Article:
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Crossroads & Connections: Across the Wilderness

By The National Library of Israel

Published Apr 26, 2023


Orit, the Sacred Scripture of Ethiopian Jews, Ethiopia, 18th century

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This copy of the Orit—sacred scriptures of the Beta Israel of Ethiopia—was handed down from generation to generation over more than three hundred years. Kes Isaac Yaso (“Yitzhak the Teacher”) received this Orit from his father. In the early 1980s, the Kes and his family left Ethiopia and embarked on a long and arduous journey to Israel, via Sudan, carrying the treasured Orit. The family donated the Orit and its colorful covering to the National Library of Israel in 2016, and periodically return to the Library to recite from the sacred text.

Written on parchment in Ge’ez, a Semitic language sacred to both Christians and the Beta Israel, the Orit includes the Torah and the Books of Joshua, Judges, and Ruth. The Orit was usually kept in the home of the Kes, the community’s priest, who would read from the manuscript before the entire community on holidays, such as Rosh Hashanah and Sigd—a distinct holiday of the Beta Israel community celebrated fifty days after Yom Kippur, which marks the renewal of the covenant between God and the Jewish people, the Jewish people’s commitment to Torah, and their yearning for the Temple in Jerusalem.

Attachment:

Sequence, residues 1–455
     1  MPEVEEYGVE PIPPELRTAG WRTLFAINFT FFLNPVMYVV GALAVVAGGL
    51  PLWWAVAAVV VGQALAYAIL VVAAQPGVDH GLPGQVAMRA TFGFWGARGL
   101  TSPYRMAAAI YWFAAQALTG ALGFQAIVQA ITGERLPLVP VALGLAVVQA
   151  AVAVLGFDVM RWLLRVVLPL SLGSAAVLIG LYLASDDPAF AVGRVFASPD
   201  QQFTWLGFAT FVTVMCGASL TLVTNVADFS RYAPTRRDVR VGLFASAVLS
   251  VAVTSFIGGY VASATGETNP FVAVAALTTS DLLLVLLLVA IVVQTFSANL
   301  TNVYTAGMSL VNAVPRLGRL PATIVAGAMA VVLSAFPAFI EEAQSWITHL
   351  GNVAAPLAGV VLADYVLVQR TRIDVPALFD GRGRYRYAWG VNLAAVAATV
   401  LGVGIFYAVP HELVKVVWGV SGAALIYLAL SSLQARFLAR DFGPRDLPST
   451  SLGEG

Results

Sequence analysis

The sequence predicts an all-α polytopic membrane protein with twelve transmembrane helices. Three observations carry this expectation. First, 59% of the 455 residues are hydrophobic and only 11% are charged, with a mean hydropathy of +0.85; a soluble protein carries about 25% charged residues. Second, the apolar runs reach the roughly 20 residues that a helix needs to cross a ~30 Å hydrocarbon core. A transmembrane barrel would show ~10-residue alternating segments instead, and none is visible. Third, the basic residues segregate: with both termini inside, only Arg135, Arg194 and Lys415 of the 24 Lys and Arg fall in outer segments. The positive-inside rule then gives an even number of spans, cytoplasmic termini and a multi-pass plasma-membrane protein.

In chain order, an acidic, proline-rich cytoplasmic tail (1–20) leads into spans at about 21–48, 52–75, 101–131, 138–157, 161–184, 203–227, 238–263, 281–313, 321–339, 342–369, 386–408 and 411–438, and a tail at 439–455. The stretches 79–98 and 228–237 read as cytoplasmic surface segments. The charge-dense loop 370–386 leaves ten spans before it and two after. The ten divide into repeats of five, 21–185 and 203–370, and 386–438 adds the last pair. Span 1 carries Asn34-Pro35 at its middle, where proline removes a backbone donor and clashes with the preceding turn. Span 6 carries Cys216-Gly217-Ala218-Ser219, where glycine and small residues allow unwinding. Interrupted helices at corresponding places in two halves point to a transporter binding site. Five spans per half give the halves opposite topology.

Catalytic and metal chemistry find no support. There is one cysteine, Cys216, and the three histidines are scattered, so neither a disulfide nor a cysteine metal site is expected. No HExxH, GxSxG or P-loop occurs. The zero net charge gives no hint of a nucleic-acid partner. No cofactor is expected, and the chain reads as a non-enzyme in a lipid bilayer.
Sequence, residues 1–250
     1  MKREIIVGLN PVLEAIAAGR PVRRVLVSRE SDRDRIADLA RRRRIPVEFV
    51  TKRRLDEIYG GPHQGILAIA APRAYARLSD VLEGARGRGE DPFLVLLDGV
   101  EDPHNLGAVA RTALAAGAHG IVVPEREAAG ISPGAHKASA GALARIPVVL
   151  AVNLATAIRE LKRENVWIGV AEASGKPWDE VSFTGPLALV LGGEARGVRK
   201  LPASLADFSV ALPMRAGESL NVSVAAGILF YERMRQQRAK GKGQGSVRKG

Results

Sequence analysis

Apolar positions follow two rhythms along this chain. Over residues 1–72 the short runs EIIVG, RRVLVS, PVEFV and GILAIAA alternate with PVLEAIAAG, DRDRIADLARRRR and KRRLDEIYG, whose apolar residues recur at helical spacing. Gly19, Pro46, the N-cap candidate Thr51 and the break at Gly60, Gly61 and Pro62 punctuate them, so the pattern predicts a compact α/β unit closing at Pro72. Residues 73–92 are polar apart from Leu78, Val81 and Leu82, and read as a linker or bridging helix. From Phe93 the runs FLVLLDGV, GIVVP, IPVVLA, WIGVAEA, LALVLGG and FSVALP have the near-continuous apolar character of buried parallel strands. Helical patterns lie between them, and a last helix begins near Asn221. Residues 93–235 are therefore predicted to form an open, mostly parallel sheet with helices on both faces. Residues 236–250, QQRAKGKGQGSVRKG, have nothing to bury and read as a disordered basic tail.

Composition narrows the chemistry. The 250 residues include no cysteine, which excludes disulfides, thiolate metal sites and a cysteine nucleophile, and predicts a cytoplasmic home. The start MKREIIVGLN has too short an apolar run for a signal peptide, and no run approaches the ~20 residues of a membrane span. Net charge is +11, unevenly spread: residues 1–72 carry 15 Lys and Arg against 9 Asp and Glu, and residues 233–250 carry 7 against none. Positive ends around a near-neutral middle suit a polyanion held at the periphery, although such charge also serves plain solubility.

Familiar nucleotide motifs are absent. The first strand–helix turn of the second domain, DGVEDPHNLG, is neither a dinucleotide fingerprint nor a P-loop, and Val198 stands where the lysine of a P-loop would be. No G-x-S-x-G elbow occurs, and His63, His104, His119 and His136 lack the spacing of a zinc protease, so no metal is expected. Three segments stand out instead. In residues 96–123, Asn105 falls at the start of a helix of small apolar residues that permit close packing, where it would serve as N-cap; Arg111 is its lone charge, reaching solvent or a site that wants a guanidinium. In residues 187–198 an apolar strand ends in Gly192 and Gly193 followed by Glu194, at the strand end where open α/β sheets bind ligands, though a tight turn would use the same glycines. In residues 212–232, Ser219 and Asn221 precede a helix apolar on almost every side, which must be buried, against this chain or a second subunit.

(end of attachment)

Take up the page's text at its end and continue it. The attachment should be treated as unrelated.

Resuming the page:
Orit, folio 36r. Donated by Kes Isaac Yaso and his family in 2016, Ms. Or. 87.

Photography by Ardon Bar-Hama


Click here to return to the full Crossroads & Connections: Collections of the National Library of Israel digital exhibition on Kolture.


Founded in Jerusalem in 1892, the National Library of Israel (NLI) serves as Israel's preeminent research library


Click here to visit the exhibition resource page to learn more and to browse accompanying lesson plans, webinars, and videos, about the treasures in this exhibition.

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